When I was in fifth grade fewer things were cooler than Duke Nukem 3D. I remember hearing rumors at first: reports of blowing away an alien menace with missiles and pipe-bombs, ripping off a boss’s head and shitting down his neck, a shootout in a strip-club? Around the lunch table, clutching at our homemade peanut butter and jelly sandwiches, it was spoken of like a forbidden fruit. The child-like wonder and reverence at which the Illicit Duke Nukem 3D was held at grade schools and middle schools across the country is a testament to its boundary-pushing legacy and, even in hindsight nearly two decades later, was totally deserved.
And oh did the old people hate it! Still reeling from the violence pioneered by Mortal Kombat and Doom, the handwringing parents of America were now faced with the addition of sex and partial nudity! There was a load of backlash. Back when Nukem came out in 1996 the outcry was particularly aimed (probably rightly so) at the portrayal of women in the shooter.
Here’s a quote from Media Watch about the game (via Wikipedia):
Duke Nukem 3D moves the ‘shooter’ through pornography stores, where Duke can use XXX sex posters for target practice. Duke throws cash at a prostituted woman telling her to ‘Shake it, Baby’ his gun ever ready. In the game bonus points are awarded for the murder of these mostly prostituted and partially nude women. Duke blows up stained glass windows in an empty church or goes to strip clubs where Japanese women lower their kimonos exposing their breasts. Duke is encouraged to kill defenseless, often bound women.
These might be serious political issues to me now, but when I was young and ignorant of the deep, dark recesses of the world this sort of reaction from old folks made it the coolest fucking thing ever. Good news, it’s still fucking cool and thanks to the folks at Devolver Digital you can play it again in the semi-enhanced Duke Nukem 3D: Megaton Edition. I recently downloaded it to my PS Vita and have been jet-packing down nostalgia lane, blowing everything away in sight.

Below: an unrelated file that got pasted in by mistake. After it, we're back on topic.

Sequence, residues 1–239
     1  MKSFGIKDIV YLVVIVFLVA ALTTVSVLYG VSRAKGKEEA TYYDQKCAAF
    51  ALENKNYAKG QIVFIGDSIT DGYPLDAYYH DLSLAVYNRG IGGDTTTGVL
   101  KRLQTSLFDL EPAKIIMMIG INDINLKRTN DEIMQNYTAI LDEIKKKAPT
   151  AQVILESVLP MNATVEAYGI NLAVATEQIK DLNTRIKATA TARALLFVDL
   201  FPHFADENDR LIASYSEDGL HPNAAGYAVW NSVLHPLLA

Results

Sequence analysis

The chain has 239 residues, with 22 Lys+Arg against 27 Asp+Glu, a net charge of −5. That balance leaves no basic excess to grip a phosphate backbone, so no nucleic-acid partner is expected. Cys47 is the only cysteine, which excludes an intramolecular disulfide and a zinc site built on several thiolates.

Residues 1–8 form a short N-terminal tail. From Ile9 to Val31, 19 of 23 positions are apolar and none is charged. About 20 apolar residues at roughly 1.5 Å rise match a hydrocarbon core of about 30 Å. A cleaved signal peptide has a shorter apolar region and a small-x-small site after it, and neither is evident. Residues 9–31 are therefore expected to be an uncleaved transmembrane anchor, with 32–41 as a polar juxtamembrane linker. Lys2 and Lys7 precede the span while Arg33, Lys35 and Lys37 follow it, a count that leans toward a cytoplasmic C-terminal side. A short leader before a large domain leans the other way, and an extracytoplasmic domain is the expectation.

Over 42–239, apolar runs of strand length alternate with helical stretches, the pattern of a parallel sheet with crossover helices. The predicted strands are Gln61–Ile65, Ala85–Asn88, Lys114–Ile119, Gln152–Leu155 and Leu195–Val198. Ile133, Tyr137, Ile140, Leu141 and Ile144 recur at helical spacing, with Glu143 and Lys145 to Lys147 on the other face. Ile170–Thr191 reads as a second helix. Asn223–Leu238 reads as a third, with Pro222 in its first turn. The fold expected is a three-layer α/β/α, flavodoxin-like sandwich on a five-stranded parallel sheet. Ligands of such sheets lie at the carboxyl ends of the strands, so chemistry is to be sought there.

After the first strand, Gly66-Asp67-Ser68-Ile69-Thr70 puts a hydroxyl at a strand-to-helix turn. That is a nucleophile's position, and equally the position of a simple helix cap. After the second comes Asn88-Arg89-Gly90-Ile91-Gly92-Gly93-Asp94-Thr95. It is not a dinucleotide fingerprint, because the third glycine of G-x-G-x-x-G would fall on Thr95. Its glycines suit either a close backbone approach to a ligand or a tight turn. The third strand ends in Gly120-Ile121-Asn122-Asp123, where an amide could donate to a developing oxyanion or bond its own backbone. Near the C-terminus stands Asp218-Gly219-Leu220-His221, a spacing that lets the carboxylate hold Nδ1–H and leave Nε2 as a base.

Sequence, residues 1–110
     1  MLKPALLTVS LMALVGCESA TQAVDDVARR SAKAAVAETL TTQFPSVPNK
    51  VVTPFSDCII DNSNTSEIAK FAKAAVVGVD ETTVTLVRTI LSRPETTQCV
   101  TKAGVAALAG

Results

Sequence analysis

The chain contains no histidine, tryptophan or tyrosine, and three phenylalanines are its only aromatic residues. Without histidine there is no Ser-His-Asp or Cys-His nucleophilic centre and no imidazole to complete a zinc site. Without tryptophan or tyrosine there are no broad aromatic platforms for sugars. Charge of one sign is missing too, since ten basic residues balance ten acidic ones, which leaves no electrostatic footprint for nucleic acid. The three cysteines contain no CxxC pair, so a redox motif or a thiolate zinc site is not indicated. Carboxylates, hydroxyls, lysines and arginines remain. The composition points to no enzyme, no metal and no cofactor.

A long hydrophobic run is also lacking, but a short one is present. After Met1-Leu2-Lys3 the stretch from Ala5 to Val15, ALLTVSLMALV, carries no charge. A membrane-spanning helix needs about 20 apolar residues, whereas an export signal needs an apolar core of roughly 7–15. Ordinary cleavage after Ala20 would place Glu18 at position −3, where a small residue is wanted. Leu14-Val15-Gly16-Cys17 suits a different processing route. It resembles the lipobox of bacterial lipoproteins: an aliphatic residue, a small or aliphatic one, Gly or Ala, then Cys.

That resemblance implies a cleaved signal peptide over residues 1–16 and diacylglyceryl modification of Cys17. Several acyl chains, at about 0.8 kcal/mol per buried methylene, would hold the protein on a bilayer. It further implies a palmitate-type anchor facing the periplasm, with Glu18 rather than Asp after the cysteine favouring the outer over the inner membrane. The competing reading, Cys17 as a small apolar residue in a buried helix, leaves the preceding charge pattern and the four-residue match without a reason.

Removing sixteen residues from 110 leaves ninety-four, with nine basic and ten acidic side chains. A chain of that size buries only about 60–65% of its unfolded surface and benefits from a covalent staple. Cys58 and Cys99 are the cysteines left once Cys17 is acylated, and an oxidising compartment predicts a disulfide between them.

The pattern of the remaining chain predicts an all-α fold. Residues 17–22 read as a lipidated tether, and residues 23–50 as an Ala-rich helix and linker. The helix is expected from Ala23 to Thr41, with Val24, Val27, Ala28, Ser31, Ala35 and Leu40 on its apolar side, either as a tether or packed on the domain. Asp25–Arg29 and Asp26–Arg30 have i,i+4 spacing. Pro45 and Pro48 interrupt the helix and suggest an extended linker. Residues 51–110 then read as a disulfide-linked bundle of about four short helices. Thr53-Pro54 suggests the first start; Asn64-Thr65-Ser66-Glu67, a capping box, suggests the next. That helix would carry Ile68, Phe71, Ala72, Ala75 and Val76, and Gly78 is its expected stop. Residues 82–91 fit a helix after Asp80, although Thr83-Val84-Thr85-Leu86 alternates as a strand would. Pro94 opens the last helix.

Back in the Day…
My brother was way older than me and procured the game for us near when it came out. The first thing I remember was that disk!
That biohazard sign just promised of mayhem and destruction that would be contained in that CD. I remember feeling guilty about playing it because I was so young. I’d wait until every in the house went to sleep and stayed up at night, shotgunning pig-cops in the face.
One of the other things I remember is that the game saved a screenshot when you made a save file. One of my favorite things to do was going to the strippers and making them flash- THEN save the game for the screenshot. What a little rascal I was.
This was your standard 3D shooter gameplay in vain of Wolfenstein or Doom, with the added bonus of some crude humor and, oh, those weapons.
The game’s guns were different than any I had used in a shooter before. Especially the pipe-bomb. You could throw it like a grenade in something like Rise of the Triad but instead of exploding automatically, you had a detonator and could explode them at your leisure. This is the kind of thing we take for granted today, but it actually added a new dimension to gameplay.
With the pipe-bomb (and the similar laser-trip bomb) you could slow down the bullet-slinging pace of the game by setting traps. If you were getting plastered around a certain bend in a level you had the option to lure out your enemies and blow ‘em away. And, holy fuck, was that satisfying.
But Duke Nukem 3D’s real popularity comes from its infamous humor and Evil Dead/They Live quoting titular character. Unlike the silent (but always screaming) hero of Doom, Duke actually talks during the game.
“Oh yea baby,” he’ll say watching pieces of pig alien fly into the stratosphere.
“Who wants some,” he’ll say after picking up a larger, more powerful instrument of destruction.
And, back then, in the age of silent video game protagonists, Duke had such personality. Hearing him say “hail to the king baby” as you take out one of a million alien invaders is still pretty awesome. And at the time it totally new. There had never been a game with so much attitude.
Should You Play It?
Shooters are one of those genres that can so quickly become outdated as newer, quicker designs become prevalent so it’s always a little rough going back into the classics. That being said, most of this game’s draw is in the packaging- not the mechanics- so I’d say give it a whirl. There are enough small jokes and awkward, smile-cracking jibes that going through the levels remains, at least, amusing. And with the release of Megaton Edition (last year) the game plays faster than I remember and there’s a handy auto save feature.
And there’s always that nostalgia factor.